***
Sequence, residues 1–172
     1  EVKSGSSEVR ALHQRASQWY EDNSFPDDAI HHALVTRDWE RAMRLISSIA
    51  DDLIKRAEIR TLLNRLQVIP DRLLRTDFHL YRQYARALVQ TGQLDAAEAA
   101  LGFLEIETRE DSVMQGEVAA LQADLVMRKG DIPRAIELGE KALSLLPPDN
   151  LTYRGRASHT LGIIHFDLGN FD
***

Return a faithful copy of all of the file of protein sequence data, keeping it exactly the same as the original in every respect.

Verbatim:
Sequence, residues 1–172
     1  EVKSGSSEVR ALHQRASQWY EDNSFPDDAI HHALVTRDWE RAMRLISSIA
    51  DDLIKRAEIR TLLNRLQVIP DRLLRTDFHL YRQYARALVQ TGQLDAAEAA
   101  LGFLEIETRE DSVMQGEVAA LQADLVMRKG DIPRAIELGE KALSLLPPDN
   151  LTYRGRASHT LGIIHFDLGN FD